India’s largest e-commerce player Flipkart, has come out with financial numbers for the fiscal year ending 2019 for its India business. And the numbers do not look promising.

Flipkart operates via two entities in India, its wholesale arm, called “Flipkart India” and its retail arm called “Flipkart Internet”. Flipkart India, the wholesale arm of Flipkart, reported ₹30,930 crore in revenue for the fiscal year 2019, a 43% jump from last year. Now while that revenue jump seems sharp and promising, its the losses that continue to burden down the Walmart owned ecommerce player. The company reported that its net loss increased 85% to ₹3,385 crore during the same fiscal.

Numbers from the company’s Singapore holding company — which will be effectively consolidated group numbers — are yet to be filed.

Multiple factors are in place for the rising losses. For one, a lot of stock was repurchased from the company employees, making them millionaires in the process and accumulating losses for the company. Additionally, Indian Government kicked in the controversial e-commerce guidelines in Feb-March this year, barring online marketplaces and their group companies from owning vendors and also prohibited them from controlling the inventory sold on their platforms.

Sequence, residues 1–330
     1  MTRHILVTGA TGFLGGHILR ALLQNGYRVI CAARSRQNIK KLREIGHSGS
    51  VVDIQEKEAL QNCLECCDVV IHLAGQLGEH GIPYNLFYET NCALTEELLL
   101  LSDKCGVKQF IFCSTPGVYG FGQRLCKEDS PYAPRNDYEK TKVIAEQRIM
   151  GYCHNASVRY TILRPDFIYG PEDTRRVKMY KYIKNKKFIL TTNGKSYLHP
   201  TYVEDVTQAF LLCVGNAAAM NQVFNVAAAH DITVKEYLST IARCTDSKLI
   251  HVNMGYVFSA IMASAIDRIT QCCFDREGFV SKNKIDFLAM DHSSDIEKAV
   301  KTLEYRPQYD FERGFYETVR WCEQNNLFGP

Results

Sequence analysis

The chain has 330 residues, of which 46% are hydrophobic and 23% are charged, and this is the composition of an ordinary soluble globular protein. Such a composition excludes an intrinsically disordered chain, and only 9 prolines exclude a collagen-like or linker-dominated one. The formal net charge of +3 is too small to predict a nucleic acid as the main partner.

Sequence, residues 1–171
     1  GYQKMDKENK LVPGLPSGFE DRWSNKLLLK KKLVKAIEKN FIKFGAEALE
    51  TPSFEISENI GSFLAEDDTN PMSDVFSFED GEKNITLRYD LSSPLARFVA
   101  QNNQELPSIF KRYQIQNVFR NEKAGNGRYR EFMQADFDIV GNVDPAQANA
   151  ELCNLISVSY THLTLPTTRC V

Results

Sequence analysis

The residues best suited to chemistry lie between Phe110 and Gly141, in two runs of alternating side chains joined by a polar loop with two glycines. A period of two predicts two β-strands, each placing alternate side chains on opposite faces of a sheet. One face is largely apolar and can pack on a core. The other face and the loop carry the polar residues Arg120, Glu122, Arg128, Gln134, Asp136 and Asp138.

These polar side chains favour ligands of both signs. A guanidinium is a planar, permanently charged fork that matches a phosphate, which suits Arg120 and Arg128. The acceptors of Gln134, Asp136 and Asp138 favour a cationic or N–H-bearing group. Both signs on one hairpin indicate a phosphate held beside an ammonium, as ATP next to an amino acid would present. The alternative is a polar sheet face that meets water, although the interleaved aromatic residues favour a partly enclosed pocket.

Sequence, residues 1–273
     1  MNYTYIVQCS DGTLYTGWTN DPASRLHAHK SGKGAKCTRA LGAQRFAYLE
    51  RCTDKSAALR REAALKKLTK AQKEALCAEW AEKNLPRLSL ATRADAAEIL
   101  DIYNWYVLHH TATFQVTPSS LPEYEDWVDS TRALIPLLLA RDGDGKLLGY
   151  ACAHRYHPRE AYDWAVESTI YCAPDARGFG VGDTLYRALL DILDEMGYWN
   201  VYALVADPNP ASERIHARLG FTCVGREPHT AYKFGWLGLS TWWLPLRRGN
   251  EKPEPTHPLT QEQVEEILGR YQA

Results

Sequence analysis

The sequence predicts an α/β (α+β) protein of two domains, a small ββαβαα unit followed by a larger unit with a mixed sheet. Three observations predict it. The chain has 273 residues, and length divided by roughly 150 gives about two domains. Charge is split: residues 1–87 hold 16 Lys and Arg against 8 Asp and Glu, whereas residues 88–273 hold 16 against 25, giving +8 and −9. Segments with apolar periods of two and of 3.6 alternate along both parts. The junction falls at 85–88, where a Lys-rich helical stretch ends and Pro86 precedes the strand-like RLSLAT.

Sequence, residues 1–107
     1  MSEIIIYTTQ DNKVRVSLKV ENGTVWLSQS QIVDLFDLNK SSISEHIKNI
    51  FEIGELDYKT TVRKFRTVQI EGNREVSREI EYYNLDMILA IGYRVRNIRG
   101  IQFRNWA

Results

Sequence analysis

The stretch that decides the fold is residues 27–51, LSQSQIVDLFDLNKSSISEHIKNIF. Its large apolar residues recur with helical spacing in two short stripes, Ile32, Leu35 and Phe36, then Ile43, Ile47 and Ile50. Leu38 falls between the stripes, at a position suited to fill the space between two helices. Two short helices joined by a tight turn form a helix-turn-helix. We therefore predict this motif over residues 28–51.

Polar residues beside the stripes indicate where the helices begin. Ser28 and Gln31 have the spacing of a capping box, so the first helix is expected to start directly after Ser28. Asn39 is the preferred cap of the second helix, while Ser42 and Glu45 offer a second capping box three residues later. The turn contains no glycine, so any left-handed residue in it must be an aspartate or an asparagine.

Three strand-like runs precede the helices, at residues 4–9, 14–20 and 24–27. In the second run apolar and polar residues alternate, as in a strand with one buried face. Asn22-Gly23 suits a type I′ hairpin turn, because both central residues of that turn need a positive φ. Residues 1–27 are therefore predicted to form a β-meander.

Coming to the company’s retail arm, Flipkart Internet too reported a steep rise in both revenues and losses. While losses rose by over 40% to ₹1,624 crore for the year ending March 31, 2019, operating revenues increase by 51% to ₹4,234 crore. Again, employee stock repurchases was a major contributor to losses along with massive advertising push. The latter has been pretty evident across media, with the biggest names from Indian film industry signing in to Flipkart for its discount campaigns.

Major chunk of the revenue for Flipkart Internet comes in via ancillary services like collection, marketplace, storage and logistics. Employee costs, including salaries and ESOPs, rose 91% to ₹1,889 crore, according to the filing.

According to Economic Times, in the recent months, the ecommerce giant has rolled out stock options to employees and also bought back vested shares after Walmart’s acquisition of the homegrown online commerce firm. Walmart had acquired a 77% stake in the company for $16 billion last year.

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